April 13, 2015

Dateline: On the Brink: Adults with Autism Aging Out

Award Winning Non-Fiction Blogs - BlogCatalog Blog DirectoryA recent Dateline special, “On the Brink,” (April 12th, 2015) sounded the alarm that autistic adults aging out of special education have no place to go. For those of us with adult children on the spectrum, this is not new news. 

The good news is that if you live in California there’s the Lanterman Act, the law that states people with [autism], no matter their age or degree of disability, have a right to needed supports and services.  Specifically, the “right to prompt medical care and treatment”, a “right to physical exercise and recreational opportunities”; “right to be free from [self] harm” and right to lead “more independent, productive and normal lives.” (CA. WIC CODE 4501 & 4502 (d) (h)).

Where will you encounter these laws? Where will you have to cite them? Well, California is unique. In California we have what’s called Regional Centers. There are 21 Regional Centers scattered around California. Each one, responsible for coordinating and providing services to children and adults with autism and other developmental challenges. I am proud to live in California. Mainly because we are the only state that has openly taken responsibility for caring for developmentally disabled population. 

That’s not to say this means you will automatically get services. Because of budget cuts, in all the wrong places, you have to fight for needed services. Sadly, this often pits parents against the very Regional Centers that were created to provide services, under the Lanterman Act.

Because funds for disabled are coveted by each Regional Center, Regional Centers will often tell families they can’t provide a service if it’s not in their purchase of service policy (POS). 

What if a Regional Center determines your autistic child, as per their POS policy, doesn’t qualify for services? Or they don’t provide a certain service they need? Remind the Regional Center in your area, that the law says there must be “exemption” to their POS policies (CA WIC CODE 4648.5 (c)).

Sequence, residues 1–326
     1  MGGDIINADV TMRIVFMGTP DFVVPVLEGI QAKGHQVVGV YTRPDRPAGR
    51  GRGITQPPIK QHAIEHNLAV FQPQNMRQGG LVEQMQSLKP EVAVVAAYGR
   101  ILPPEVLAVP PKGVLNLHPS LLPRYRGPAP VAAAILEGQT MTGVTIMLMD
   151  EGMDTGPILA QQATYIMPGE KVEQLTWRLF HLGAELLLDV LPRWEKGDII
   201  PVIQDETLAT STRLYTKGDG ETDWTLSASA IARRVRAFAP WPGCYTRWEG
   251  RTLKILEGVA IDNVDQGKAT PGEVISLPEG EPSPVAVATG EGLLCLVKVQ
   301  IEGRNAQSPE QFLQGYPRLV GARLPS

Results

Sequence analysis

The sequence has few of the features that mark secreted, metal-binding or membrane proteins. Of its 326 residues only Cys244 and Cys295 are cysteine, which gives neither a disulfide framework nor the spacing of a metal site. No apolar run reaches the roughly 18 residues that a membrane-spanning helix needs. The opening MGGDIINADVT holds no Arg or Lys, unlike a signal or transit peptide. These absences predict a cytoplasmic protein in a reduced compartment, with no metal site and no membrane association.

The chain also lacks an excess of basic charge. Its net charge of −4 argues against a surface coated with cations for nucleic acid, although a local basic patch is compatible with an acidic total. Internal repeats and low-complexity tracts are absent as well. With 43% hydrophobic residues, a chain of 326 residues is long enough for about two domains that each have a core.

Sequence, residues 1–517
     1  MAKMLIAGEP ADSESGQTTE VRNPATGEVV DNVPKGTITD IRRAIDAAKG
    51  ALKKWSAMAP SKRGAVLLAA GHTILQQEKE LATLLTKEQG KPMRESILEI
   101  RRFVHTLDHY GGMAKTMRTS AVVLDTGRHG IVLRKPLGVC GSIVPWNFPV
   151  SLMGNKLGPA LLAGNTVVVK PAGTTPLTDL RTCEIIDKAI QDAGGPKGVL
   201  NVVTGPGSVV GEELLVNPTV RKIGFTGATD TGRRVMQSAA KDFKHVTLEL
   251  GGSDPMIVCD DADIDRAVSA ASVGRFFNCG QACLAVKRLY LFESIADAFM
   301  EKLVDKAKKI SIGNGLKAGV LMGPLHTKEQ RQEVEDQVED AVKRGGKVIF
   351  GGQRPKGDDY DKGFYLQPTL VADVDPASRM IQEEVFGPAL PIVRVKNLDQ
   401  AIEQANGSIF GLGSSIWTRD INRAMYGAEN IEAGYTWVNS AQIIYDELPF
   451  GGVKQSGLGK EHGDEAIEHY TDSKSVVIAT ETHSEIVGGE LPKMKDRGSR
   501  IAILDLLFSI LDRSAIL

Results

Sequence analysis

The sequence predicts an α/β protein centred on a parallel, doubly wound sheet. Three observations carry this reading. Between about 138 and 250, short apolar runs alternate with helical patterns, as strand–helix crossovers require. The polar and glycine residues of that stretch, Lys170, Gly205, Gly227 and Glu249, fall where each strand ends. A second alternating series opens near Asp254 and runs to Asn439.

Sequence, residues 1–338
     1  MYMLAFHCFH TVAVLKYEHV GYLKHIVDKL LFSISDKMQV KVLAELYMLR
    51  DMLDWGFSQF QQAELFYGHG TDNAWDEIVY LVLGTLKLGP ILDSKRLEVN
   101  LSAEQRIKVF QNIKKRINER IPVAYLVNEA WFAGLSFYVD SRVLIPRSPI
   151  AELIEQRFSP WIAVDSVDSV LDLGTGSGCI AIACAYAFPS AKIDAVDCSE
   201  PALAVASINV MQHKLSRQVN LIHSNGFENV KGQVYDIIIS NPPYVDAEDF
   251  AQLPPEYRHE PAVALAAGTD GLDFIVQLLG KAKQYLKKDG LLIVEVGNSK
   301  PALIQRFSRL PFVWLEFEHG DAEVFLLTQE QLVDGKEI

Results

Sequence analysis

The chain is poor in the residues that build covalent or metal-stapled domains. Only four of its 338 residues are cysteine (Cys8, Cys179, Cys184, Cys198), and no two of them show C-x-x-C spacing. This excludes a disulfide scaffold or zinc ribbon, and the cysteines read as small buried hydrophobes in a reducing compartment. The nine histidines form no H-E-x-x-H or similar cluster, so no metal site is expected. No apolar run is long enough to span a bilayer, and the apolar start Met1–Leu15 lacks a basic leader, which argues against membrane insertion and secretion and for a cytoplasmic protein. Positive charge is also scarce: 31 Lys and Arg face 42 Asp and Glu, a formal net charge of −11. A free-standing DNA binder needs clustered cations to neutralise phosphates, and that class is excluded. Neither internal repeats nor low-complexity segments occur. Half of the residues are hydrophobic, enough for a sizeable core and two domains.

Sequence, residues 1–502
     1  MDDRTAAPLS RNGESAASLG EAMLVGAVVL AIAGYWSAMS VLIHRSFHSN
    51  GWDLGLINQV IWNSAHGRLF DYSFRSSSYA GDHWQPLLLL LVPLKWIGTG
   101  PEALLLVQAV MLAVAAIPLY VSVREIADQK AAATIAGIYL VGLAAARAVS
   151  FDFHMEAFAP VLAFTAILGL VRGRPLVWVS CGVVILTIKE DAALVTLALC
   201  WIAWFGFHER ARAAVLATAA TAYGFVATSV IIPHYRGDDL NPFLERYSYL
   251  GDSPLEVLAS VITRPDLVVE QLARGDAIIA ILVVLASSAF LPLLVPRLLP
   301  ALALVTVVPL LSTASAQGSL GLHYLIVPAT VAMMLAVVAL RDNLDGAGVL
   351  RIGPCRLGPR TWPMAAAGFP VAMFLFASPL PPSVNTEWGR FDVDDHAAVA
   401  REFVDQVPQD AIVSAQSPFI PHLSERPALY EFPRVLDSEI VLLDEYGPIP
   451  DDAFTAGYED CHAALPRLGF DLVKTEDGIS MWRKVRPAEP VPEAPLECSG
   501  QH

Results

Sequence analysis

An “exemption” may be granted…when a Regional Center employee “determines that the service is a primary or critical means of ameliorating physical, cognitive or psychological effects of consumer’s [autism], or the service is necessary to enable the [autistic adult] to remain in the home and no alternative service exists." 

Sounds crazy, right? But this is the reality we face here in California, despite being the only state that has the Lanterman Act. The sad fact is that despite the Lanterman Act, if you live in California, you only have rights if you know what they are. 

March 30, 2015

Autistic Adults May not Show Same Signs and Symptoms of Pain or Illness

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Oh, we've been here. And back. Many times. A trip to the ER room. A hospital stay. RN's who have never dealt with an autistic patient with epilepsy or self-injurious behavior. CNAs assigned as "sitters" who think every curious move is a seizure and every vocalization means pain. It's maddening, really. And dangerous to the autistic patient. There's just no way you can teach strangers everything they need to know that fast. For instance, the time our autistic son wanted to get out of the hospital bed, but each time he tried, he'd be excessively medicated with Ativan, so he couldn't get up. The solution we came up with to avoid excessive medication during hospital stays is to have trained people who know our son by his side during the ENTIRE hospital stay. Trained staff knew when to it was "safe" to allow our autistic son to take a short walk to relief anxiety and meet his sensory needs. Trained staff knew when he was hungry and thirsty. Knew how to feed him to avoid aspiration. (One hospital CNA had no clue and kept shoving food into his mouth, while he was having myoclonus seizure activity.)

I also recall the time our autistic son was in hospital and the CNA "sitter" thought it was "okay to let him slap his legs", to the tune of hours of non-stop slapping that resulting in severe bruising to the leg. That's when we decided, oh, hell no, we are sending in trained staff to protect and assist him. This  is insane.

And you can't blame the hospital staff. They don't know him. They haven't been trained to deal with autistic patients who have complex medical and behavioral issues. So, you  must come up with creative solutions.

Below is a helpful article showing what a delicate situation it is when you have an autistic person who can't speak, needing medical attention:

Excellent article about the dangers of overlooking illness and injuries in NON-VERBAL autistic individuals.